A wonderful half-hour film about the Turkish Arabian Horse was specially made for this event by our hosts, and was very much enjoyed by all those present. In addition, four guest speakers entertained and educated the participants, with talks ranging from veterinary matters such as Severe Combined Immunodeficiency Syndrome (SCIDS) (speaker Mr. Michael Bowling of USA), to the History and Culture of Turkey (speakers Professor Dr. Hassan Koni of Turkey and Professor Dr. Norman Stone of Scotland), to the importance of historical record keeping (speaker Mr. Ferman Ansel of USA).
Finally, the Executive Committee’s plans for the next two years were outlined, these include the proposed purchase of a suitable property to be the WAHO Office and headquarters building, for which further fundraising is needed; the development of an international WAHO Arabian horse pedigree database as a resource to be shared by all Registering Authority Member countries; and further ideas to be developed for the continued promotion of the purebred Arabian horse.
As always with WAHO Conferences, the social activities were a major part of the event. The elegant Welcome Cocktail Party in the grounds of the Swissotel was just a taste of what was to come. On Monday night we were treated to a superb evening’s food and entertainment at the wonderful dinner hosted by the Jockey Club of Turkey around the hotel’s swimming pool. One of Turkey’s most famous singers, accompanied by his daughters, serenaded us throughout the meal. We were told he is known as the ‘Turkish Frank Sinatra’! There was also a demonstration of Turkish dancing – not dissimilar to belly-dancing, but less suggestive. The two girls were incredibly fit, as they danced without pause for over half an hour. The male spectators were entranced, and the women envious!
On the Tuesday afternoon, delegates were treated to a cruise on the Bosphorus, passing many of the beautiful, ancient and famous architectural beauties of Istanbul. On Wednesday morning, some people went to the Veliefendi Hipodromu, Istanbul’s famous racecourse, to watch horses in training and have a guided tour of the racing stables and facilities. They then joined the rest of the participants as they toured famous Istanbul landmarks, such as Hagia Sophia, The Blue Mosque and the Topkapi Palace. Many individual and group forays were also made to the wonderful and unmissable shopping delights of the Grand Bazaar.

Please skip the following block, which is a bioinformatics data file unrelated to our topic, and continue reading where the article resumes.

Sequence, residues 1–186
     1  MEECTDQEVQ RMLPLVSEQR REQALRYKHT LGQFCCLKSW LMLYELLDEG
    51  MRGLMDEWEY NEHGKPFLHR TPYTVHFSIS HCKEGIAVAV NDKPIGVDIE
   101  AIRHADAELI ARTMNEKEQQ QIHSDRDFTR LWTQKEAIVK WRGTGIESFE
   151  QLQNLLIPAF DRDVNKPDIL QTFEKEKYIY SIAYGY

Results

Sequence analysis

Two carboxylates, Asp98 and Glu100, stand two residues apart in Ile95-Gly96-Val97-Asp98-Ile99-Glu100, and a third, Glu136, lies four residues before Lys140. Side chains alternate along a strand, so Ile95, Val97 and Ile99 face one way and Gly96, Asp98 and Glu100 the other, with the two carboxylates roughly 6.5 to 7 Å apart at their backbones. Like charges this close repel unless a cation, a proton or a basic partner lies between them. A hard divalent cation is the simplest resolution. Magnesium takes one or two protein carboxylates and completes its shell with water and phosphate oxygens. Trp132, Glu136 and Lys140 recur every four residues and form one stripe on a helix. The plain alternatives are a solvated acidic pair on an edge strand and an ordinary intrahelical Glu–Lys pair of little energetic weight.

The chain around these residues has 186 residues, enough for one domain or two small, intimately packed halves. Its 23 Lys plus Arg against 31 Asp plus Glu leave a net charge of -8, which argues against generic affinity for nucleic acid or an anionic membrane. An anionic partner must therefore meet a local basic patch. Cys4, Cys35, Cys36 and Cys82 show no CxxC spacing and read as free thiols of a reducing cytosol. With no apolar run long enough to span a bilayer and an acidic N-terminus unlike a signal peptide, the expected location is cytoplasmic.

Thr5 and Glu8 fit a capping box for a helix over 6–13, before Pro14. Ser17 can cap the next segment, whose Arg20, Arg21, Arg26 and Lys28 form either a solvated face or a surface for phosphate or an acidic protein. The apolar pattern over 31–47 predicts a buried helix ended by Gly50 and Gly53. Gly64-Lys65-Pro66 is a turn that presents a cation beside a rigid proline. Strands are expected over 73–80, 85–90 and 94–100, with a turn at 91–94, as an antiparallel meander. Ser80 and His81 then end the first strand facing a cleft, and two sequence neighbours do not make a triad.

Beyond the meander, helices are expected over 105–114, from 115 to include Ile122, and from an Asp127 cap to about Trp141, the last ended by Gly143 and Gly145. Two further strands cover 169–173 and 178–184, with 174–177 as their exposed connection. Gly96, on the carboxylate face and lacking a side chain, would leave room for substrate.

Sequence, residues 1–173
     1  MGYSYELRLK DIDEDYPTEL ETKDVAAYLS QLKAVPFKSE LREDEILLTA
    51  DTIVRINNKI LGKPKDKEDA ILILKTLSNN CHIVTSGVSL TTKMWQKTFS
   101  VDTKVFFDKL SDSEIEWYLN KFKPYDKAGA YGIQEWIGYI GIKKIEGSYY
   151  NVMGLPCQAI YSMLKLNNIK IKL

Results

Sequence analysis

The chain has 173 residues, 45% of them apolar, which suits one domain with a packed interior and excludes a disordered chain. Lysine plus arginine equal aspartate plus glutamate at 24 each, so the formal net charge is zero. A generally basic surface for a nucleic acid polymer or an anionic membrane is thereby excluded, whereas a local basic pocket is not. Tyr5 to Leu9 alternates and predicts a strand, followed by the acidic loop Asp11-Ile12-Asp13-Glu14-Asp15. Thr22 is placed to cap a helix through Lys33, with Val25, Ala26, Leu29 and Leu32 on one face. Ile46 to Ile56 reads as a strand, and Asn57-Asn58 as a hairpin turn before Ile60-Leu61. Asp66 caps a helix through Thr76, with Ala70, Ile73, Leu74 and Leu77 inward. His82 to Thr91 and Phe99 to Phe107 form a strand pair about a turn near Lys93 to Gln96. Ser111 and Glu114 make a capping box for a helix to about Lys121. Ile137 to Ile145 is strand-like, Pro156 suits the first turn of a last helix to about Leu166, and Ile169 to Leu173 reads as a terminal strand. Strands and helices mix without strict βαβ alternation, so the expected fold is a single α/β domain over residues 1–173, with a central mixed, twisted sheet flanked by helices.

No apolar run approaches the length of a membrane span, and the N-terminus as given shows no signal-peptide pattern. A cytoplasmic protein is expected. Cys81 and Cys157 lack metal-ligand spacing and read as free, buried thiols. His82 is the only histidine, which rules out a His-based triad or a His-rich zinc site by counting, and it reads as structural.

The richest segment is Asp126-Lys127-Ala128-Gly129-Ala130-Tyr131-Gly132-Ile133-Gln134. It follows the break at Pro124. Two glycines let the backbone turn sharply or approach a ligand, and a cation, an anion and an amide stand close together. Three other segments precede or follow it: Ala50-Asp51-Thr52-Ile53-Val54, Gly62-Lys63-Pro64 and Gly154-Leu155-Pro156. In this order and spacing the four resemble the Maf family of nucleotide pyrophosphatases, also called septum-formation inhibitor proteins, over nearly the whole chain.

On the Wednesday afternoon, it was Off to The Races! For some 80 years, racing has been the main activity for Arabian horses in Turkey, and as a sport is second in popularity only to football. There is even a dedicated Racing Channel on television, and racing takes place somewhere in Turkey every day of the week, all year round. All betting revenue comes to the Turkish Jockey Club, and after compulsory deductions to the Government and good causes, there is enough left over for an annual prize money of $60 million – yes, that is 60 million US dollars. Then there is a breeder’s premium on top of that. This prize money is divided equally between the thoroughbred races and the Arabian races, between which there is no distinction.
The Arabian racing we saw was of the highest calibre, and included their annual International race for WAHO registered horses aged 4 and over, The Malazgirt Cup, over 1600 metres. For the second year running this race was won by Al Anood, in a time of 1.44.42. She is a 6 year old grey mare by Amer (Saudi Arabia) out of Dandoura (France). Al Anood was born in the United Kingdom, and bred by Sheikh Abdullah Al Thani of Qatar – so she is truly an International Arabian. Second place went to the Turkish runner Altaha, to whom Al Anood was giving 2 kilos in weight, and he was only beaten by half a length. He is a chestnut seven year old stallion by Serhanbey out of 77 Mebruke. Third was Bengalant from Great Britain, by Bengali D’Albret (France) out of Vert Galante (France).
On Thursday night, once the Conference was over, everyone let their hair down at the magnificent Gala Dinner and Dance, hosted by the Ministry of Agriculture and Rural Affairs in the remarkable setting of the Ciragan Palace, a fine example of Ottoman opulence. Once again, singers entertained us throughout the evening, and everyone seemed to thoroughly enjoy themselves – in fact many of them danced until well into the night.